January 29, 2008:
Sergei in the car

There has never been a dog in the history of all mankind who loves rides as much as Sergei does. Here he is, in his usual attentive to surroundings while riding posture.

January 30, 2008:
Elementary Montessori Classroom

A kid in Sophia’s class doing work. I had stayed a few minutes to talk to the office and when I walked through the classroom the light level was awesome and all the kids were hard at work, so I took a few pictures.

February 1, 2008:
Kids with Snowman

A big snowfall and a walk down to a nearby park with a good sledding hill led to a ton of pictures. Here’s one of Sophia and a neighborhood friend next to the snowman they built (with help from the friend’s father).

Bonus picture for February 1 of sledding hill:
Deer Creek Sledding Hill

I have more, but I don’t like to cram all the pictures into one post, so expect more picture posts later. If this one goes through, that is.

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So I sent a sub to an online magazine back in September, and Duotrope made it red some time ago, before Christmas and I said to myself, “Self, you can wait to query because hello, who wants a rejection at Christmas. Also you’ve never queried anything before and you have no idea what you’re doing and sometimes these things fix themselves if you just wait.”

Thus I waited. I heard nothing. And January passed, and I subbed some more stuff (well really the same stuff, which had now been rejected and gone out again while this other sub failed to garner its rejection) and Duotrope told me again this sub had really been out there WAY too long.

“Fine,” said I, “Write query. You need the practice.” I consulted writer friends. How do I write a query? I got some advice. I tried to follow it.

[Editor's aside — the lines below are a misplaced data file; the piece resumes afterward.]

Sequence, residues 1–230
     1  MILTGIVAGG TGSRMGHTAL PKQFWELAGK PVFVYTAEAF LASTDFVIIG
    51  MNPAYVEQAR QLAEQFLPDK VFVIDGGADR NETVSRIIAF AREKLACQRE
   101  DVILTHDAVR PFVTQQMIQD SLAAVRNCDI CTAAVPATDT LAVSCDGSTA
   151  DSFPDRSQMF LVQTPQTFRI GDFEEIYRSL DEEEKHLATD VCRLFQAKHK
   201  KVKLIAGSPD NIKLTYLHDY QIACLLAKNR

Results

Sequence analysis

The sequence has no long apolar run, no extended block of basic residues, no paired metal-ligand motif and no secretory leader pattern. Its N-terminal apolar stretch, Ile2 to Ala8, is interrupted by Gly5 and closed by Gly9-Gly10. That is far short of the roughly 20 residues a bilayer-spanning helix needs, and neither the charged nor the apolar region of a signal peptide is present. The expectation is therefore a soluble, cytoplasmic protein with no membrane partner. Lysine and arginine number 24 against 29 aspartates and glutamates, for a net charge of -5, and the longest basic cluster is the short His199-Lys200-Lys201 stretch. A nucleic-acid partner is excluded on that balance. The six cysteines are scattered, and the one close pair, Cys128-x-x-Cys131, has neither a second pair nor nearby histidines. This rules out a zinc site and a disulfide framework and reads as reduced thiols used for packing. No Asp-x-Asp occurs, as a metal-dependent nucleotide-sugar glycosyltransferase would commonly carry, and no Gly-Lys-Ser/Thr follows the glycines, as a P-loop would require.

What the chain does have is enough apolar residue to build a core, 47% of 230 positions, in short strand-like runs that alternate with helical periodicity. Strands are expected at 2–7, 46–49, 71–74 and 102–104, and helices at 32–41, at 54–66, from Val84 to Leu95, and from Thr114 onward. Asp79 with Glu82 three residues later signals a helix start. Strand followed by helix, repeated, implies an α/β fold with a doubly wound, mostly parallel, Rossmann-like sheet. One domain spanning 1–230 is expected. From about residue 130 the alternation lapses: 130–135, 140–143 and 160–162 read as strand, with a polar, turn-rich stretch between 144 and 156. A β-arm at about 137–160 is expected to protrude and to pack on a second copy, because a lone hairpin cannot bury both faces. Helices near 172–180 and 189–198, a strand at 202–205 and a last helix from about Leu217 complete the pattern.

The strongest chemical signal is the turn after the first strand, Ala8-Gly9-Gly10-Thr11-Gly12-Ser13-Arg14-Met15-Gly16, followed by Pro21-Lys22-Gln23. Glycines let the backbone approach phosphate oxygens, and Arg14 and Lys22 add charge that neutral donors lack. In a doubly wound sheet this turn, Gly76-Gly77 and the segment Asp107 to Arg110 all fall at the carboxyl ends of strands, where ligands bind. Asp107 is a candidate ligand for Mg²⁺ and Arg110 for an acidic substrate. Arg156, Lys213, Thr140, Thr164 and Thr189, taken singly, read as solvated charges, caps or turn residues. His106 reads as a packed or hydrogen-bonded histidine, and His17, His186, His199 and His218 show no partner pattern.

I wrote a succinct query, which I took too long to phrase and was self-conscious about, then emailed it to the address listed as for queries on the magazine’s site.

I figured queries might get answered pretty quickly, specially if the answer was “oh right, we’ve been meaning to tell you no thanks.” or “uhm…we lost it, send again?” Like maybe within a week or two (which it has now been). Am I wrong on this? I mean to wait six weeks, I guess, which puts me to mid-March and then re-query. Can you re-query or is that bad form? Do I need to wait as long on the query about the sub as I did on the original sub before I do anything else (which would be about sixty days or so for this market, more like eight weeks than the six I plan on waiting)? Do I just cut my losses after six weeks and sub elsewhere and send along a note withdrawing (and how do you write a polite withdrawal note)? What’s the etiquette here? Help me out here, I’m flailing in ignorance.

ETA – I hope it’s not rude of me to mention the market by name. In general, I believe in openness, and non-response to me should not be taken as indicative of anything about the market generally. I realize from Merrie’s comment that my coyness makes it hard for people like me to track problems with specific markets using search engines, so I officially uncoy: Coyote Wild, which just put out a new issue and seems to be alive and kicking marketwise has been hanging on to one of my subs for a while now. I get nothing suspicious about them on Duotrope (responses to things submitted as recently as Feb 5!) though black holes shows a withdrawal that’s about as old as my sub. As for Speculations, I’m never quite convinced I’ve looked in all the right places to get market info, but near as I can tell, there’s nothing there about Coyote Wild. Who knows?

I am probably supposed to be learning patience from this. Patience, young grasshopper.